Saturday, February 10, 2018

Can Bar Counsel Be Compelled To Investigate Alleged Misconduct?

An oral argument worth watching in the Maryland Court of Appeals on March 2

No. 64 Attorney Grievance Commission, et al. v. Ty Clevenger

Issues – Courts & Judicial Proceedings – 1) Did the trial court err in issuing a writ of mandamus directing Petitioner to investigate a complaint against three members of the Maryland Bar where exclusive jurisdiction over attorney disciplinary matters is vested in the Court of Appeals and Bar Counsel has discretion to determine whether an investigation is warranted? 2) Did the trial court err in vacating its prior order sealing the proceedings where Md. Rule 19-711 expressly provides that all attorney disciplinary complaints and investigations are confidential unless and until formal charges are brought against an attorney?

Attorney for Appellant: Michele J. McDonald
Attorney for Appellee: Ty Clevenger

Our prior coverage is linked here.

The bar case involving a convicted attorney is scheduled for March 1.

The crime and sentence was reported by The Daily Progress

A former high school teacher was sentenced to four years in prison after pleading guilty to breaking into House Minority Leader David J. Toscano’s home in February and assaulting his wife.

Claire Ogilvie, 36, pleaded guilty Friday to breaking and entering, malicious wounding and abduction by force or intimidation. She was sentenced to 50 years in prison, with all but four suspended.

As part of the plea agreement, prosecutors removed a clause stating Ogilvie had a deadly weapon from the breaking and entering charge. If convicted on the charge as it originally stood, Ogilvie faced up to a life sentence.

Upon release from prison, Ogilvie must leave the state and live at least 100 miles from Charlottesville. Barring an emergency, she cannot stop within 100 miles of the city.

Judge John R. Cullen, a retired judge from Louisa, also stipulated that she will be on supervised probation indefinitely and must remain on good behavior for 30 years following release.

Fluvanna County Commonwealth’s Attorney Jeff Haislip, who was brought in as special prosecutor, said Toscano and his wife, Nancy Tramontin, were happy with the sentence and it “gave them the best piece of mind.”

Toscano and Tramontin were not in court Friday.

Ogilvie met Toscano and Tramontin in 2010 during a Semester at Sea cruise, a study-abroad program sponsored by the University of Virginia. She became friends with the family and then moved to Charlottesville, where she tutored their son, Haislip said in court.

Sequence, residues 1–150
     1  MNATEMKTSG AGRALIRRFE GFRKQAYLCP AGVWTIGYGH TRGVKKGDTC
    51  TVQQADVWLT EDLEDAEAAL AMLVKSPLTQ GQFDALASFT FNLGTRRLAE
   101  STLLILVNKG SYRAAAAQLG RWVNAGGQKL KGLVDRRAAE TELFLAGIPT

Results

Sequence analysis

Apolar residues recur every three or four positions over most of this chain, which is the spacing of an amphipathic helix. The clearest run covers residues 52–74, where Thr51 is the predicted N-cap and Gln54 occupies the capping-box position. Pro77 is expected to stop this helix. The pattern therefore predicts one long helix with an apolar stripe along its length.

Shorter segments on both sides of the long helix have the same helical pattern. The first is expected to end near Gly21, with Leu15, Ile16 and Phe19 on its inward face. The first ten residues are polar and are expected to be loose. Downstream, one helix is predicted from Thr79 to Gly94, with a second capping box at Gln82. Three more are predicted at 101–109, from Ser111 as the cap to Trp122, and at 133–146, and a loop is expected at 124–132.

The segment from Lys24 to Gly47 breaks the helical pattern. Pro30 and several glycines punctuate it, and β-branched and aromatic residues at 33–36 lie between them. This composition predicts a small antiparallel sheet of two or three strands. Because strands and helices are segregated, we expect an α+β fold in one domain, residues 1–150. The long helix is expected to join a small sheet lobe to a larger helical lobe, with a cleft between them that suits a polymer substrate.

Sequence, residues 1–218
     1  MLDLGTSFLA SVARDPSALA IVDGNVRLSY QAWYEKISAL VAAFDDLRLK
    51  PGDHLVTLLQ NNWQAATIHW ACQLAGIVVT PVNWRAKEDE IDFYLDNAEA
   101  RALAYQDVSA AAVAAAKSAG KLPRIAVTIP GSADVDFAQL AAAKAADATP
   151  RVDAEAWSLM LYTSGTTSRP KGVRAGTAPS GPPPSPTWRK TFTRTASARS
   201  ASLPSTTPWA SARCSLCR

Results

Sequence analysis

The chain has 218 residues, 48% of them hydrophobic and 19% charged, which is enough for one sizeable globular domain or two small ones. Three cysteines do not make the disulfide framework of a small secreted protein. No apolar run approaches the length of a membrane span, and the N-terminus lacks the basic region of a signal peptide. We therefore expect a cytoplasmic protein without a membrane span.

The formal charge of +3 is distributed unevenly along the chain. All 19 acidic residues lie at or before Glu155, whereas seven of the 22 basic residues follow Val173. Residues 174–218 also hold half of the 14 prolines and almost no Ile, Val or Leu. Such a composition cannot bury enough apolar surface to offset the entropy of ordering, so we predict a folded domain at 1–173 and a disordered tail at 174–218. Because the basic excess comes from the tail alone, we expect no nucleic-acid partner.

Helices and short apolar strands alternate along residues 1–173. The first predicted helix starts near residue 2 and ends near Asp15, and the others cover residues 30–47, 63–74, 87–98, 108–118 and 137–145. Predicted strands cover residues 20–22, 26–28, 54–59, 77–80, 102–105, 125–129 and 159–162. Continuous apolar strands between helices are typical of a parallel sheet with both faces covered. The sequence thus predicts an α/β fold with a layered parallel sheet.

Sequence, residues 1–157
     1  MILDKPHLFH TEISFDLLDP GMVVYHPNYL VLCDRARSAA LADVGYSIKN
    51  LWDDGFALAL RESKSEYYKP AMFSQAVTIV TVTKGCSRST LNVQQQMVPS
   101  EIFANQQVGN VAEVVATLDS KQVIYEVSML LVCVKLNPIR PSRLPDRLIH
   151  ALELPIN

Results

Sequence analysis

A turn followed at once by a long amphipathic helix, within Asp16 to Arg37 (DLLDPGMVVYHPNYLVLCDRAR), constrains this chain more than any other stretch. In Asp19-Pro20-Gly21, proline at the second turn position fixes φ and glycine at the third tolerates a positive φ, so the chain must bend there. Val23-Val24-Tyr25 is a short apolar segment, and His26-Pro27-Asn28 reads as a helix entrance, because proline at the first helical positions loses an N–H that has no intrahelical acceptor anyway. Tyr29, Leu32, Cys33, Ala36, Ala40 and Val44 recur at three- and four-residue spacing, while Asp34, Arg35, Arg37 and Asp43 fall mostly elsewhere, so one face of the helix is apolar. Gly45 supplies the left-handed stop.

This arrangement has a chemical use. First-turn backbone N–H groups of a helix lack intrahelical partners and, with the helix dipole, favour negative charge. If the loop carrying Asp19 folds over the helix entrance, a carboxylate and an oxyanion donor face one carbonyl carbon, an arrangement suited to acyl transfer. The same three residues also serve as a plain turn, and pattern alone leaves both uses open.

The family became uncomfortable with Ogilvie during the next few months and asked her to stay away, Haislip said. Almost two years later, Ogilvie broke into the family home and attacked Tramontin.

Tramontin left her house for about half an hour to take her son to practice. The door to the house was unlocked when she returned, but Tramontin thought she could have left it that way, Haislip said.

Inside the house, smoke detectors started beeping and wouldn’t stop, as if the batteries were dying, and this led Tramontin to check the basement. Once Tramontin reached the basement, she was jumped from behind and pushed to the ground, Haislip said. Her hands were tied behind her back with a soft material, possibly a cloth.

Ogilvie told Tramontin to stay on the floor and started questioning her, at one point striking her head multiple times with a pipe that had a faucet handle attached to it, causing Tramontin’s face to bleed, Haislip said.

At some point, Ogilvie tried to get her to go to the laundry room and Tramontin refused. Tramontin bit Ogilvie’s finger hard, causing Ogilvie to lose her grip on the pipe. Haislip said Tramontin was able to get the weapon and hit Ogilvie on the head.

Ogilvie’s demeanor then changed and Tramontin was able to talk her down by saying she could be part of the family again. He said Tramontin wanted Ogilvie to leave before her son came home.

The women cleaned up and Ogilvie left. Once Tramontin’s son was home, they went to the emergency room, as she was bleeding profusely.

Haislip said Ogilvie didn’t have permission to be in the house and authorities later found photographs that proved she had broken in before. He said she either came in with a key from when she watched their house while still on good terms, or through an open window in the basement.

 Ogilvie told police she was invited and even picked up by Tramontin, Haislip said. Ogilvie had said Tramontin hit her own head on a bathtub by choice and bit Ogilvie when she tried to get her to stop, Haislip said.

Ogilvie’s attorney, Adam Rhea, said he would have been able to dispute some of the facts had the case gone to trial.

Ogilvie didn’t make a statement when the judge gave her the opportunity. But she did adamantly maintain that she’s not guilty. In what’s known as an Alford plea, she pleaded guilty because of the overwhelming evidence against her but maintains her innocence.

A full psychological exam showed Ogilvie shouldn’t be an issue in the future, Haislip said.

Ogilvie has remained at the Albemarle-Charlottesville Regional Jail without bond since her arrest hours after the attack and was in a jumpsuit during court. Cullen said she will be credited for the time she already has served.

Ogilvie is a Yale University graduate and former patent attorney who left the legal world in 2011 for a career as a teacher.

She taught science at the private Peabody School in Albemarle County for a year before moving to William Monroe High School in Greene County. She was midway through her first year teaching at the new school when she was arrested.

(Mike Frisch)

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